09 Dec 2020 16:42 IST

Jet Airways’ take off may meet too many headwinds

Covid-19, revival costs, viability of a full-service airline, financial fallouts are the many air pockets

A consortium led by Murari Lal Jalan and Kalrock Capital intends to reinstate Jet Airways from its erstwhile hubs in Delhi, Mumbai, and Bengaluru. . The plan is to revive Jet Airways as a full-service carrier, returning to a full schedule of domestic and international flying. The promoters intend to appear in front of the National Company Law Tribunal (NCLT) later this week.

Jet Airways went down in 2019, a year before Covid-19 hit, and when the global economy was doing extraordinarily well. As I said then in an op-ed in The Hindu BusinessLine,  airline failures are messy because running an airline is not easy. Airplanes need fuel, the price of which is set by global, volatile oil markets. Hedging is expensive and can work against you at a time of falling oil prices. The capital-expenditure ratio is one of the highest among service industries as airlines have to borrow billions of dollars to buy or lease planes.

Shaky recovery

Labour costs are high and every aspect of the airline’s operations is overseen by some government agency, raising compliance costs. Governments regard airlines as cash cows and hit them for landing fees and ticket taxes. Insurance is expensive. An airline seat is a perishable inventory. If a seat is not sold by the time the aircraft’s door is closed, revenue from that seat is lost forever.

There is also the question of how viable a full-service airline is in the Indian market. During the last ten years, the market has turned to rewarding efficiency, low-cost point-to-point flights, and quick turnarounds at airports. IndiGo Airlines has emerged as the country’s leading carrier. Not one of these business conditions has changed in Jet’s favour. If anything, these conditions have significantly worsened.

Covid is rampaging through the world again, bringing in near lockdown conditions in many parts of the world. Seoul celebrated rave reviews as a city that knew how to tame the pandemic. Now, the city is facing a crisis not seen since early March. The announcement that Pfizer and Moderna will soon distribute vaccines has barely tempered worldwide anxiety about the virus. Many people doubt that a vaccine would be effective and most doubt that distribution to everyone who wants it may not happen until the end of 2021.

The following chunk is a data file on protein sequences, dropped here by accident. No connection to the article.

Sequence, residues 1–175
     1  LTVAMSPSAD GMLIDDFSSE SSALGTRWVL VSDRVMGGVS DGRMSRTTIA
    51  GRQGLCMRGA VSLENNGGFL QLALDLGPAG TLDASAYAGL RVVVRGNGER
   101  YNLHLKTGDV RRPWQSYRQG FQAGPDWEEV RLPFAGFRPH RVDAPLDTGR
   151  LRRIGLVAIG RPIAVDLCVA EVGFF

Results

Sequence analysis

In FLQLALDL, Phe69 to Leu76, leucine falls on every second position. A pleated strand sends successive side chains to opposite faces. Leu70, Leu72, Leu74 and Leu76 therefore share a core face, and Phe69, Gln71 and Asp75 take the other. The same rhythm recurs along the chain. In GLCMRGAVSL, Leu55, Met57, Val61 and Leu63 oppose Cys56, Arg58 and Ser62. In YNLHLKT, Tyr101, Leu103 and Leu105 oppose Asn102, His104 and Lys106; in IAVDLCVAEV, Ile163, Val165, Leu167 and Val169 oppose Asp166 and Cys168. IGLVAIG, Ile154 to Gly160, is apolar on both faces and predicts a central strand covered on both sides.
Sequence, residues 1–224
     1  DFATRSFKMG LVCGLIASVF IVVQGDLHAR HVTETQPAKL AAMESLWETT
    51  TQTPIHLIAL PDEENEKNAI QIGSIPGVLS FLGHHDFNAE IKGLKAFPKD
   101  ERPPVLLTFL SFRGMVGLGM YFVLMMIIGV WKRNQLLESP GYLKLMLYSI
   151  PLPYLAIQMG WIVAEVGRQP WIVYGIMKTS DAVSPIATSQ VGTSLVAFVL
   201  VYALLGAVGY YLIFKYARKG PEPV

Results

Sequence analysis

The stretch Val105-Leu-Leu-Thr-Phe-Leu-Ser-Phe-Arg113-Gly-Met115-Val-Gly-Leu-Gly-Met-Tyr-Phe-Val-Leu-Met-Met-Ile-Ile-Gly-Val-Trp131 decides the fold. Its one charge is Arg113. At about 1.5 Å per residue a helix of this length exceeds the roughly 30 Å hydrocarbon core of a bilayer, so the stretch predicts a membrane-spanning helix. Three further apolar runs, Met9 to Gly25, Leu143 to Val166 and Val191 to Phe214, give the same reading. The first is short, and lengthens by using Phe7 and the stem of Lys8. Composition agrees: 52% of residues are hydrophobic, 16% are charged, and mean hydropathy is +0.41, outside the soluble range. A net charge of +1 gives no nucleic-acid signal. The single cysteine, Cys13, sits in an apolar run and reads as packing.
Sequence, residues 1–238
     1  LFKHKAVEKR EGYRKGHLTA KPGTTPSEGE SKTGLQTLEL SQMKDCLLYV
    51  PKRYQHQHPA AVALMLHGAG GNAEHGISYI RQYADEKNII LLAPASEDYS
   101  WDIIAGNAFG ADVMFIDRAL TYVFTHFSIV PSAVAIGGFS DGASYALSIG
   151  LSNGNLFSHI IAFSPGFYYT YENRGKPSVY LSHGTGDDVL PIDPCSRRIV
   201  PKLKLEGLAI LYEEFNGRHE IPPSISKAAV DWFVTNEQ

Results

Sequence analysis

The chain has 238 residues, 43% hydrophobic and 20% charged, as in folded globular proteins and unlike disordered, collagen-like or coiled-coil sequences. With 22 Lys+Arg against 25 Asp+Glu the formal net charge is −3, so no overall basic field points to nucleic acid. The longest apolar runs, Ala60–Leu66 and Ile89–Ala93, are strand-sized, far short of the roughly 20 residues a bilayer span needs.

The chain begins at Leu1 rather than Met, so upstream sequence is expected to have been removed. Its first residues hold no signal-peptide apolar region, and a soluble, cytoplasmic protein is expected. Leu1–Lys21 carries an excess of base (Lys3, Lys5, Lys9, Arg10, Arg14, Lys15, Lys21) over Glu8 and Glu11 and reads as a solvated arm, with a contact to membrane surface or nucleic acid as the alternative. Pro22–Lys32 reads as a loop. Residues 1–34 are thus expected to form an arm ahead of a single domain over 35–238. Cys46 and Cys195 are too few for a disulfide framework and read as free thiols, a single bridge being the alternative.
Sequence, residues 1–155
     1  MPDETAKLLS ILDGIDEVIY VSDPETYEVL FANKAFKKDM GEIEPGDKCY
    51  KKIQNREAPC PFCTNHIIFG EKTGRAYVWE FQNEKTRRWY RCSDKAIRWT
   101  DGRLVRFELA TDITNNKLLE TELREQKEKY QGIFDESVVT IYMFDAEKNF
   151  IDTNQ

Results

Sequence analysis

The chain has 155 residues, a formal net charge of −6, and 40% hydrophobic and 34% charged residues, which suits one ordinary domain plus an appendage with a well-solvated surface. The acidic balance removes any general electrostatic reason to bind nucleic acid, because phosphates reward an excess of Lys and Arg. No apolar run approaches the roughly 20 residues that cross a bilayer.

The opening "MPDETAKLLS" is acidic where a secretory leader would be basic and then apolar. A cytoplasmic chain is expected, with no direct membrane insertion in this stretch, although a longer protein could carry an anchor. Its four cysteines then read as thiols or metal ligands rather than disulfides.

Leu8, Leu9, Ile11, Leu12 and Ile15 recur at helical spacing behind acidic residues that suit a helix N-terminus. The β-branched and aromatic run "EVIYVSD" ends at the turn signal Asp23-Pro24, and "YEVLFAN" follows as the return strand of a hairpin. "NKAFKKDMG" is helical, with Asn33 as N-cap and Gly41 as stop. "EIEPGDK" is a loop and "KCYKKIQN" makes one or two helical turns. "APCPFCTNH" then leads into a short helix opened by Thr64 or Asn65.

Even if travel conditions return to normal — that is, governments no longer require proof of PCR tests, and lift institutional and at-home quarantine restrictions, air travel is unlikely to return to 2019 levels for many years yet. Businesses have learned to be effective without requiring employees to get on a plane -— and these are the very kinds of customers that Jet wants to rely on to return to recovery.

Financial fallouts

The global aviation sector is hurting like never before. The big American carriers are bleeding cash. During the busy Thanksgiving holiday last month, the busiest four-day period during the entire year, bookings struggled to reach 40 per cent of 2019 levels. Some carriers are counting on transporting vaccines in the bellies of their planes — and overcharging the government to recoup some of their losses. Indeed, the new Jet Airways management also alluded to this opportunity. But distributing vaccines is not the bread-and-butter business model of a full-service passenger airline.

The details of the consortium’s reorganisation plan were not available but in past attempts, the old management of Jet Airways sought to borrow even more cash on top of Jet’s existing debt. The NCLT is a bankruptcy tribunal, so if proceedings at the meeting go as in Western countries, each stakeholder involved — the former promoters, lenders, including the big Public Sector banks, aircraft leasing companies, pilots, rank and file employees, vendors, airline partners, potential investors, and the government — will make their case to recover what is owed from the old Jet Airways.

Haircuts coming

There is a hierarchy of creditors — banks are preferred over investors — and the NCLT will decide how much of a “haircut” each will have to suffer. It is the consortium’s best hope that existing creditors will give up a lot more so that the value of the company, sans its debt, is much more attractive to invest in and improve. Operational restructuring plans may have to include Jet shedding unprofitable routes and even changing its business model to a point-to-point carrier. But the consortium’s insistence that Jet would be revived for what it once was seems much too ambitious.

The aviation sector wants the new Jet Airways to become successful. But the path ahead is riddled with headwinds, a truth masked by the new consortium’s recent statements to the press. I was a fan of Jet Airways and have flown the carrier numerous times. I remain sceptical that Jet Airways will ever become what it once was. In fact, I am sceptical that it will take off at all.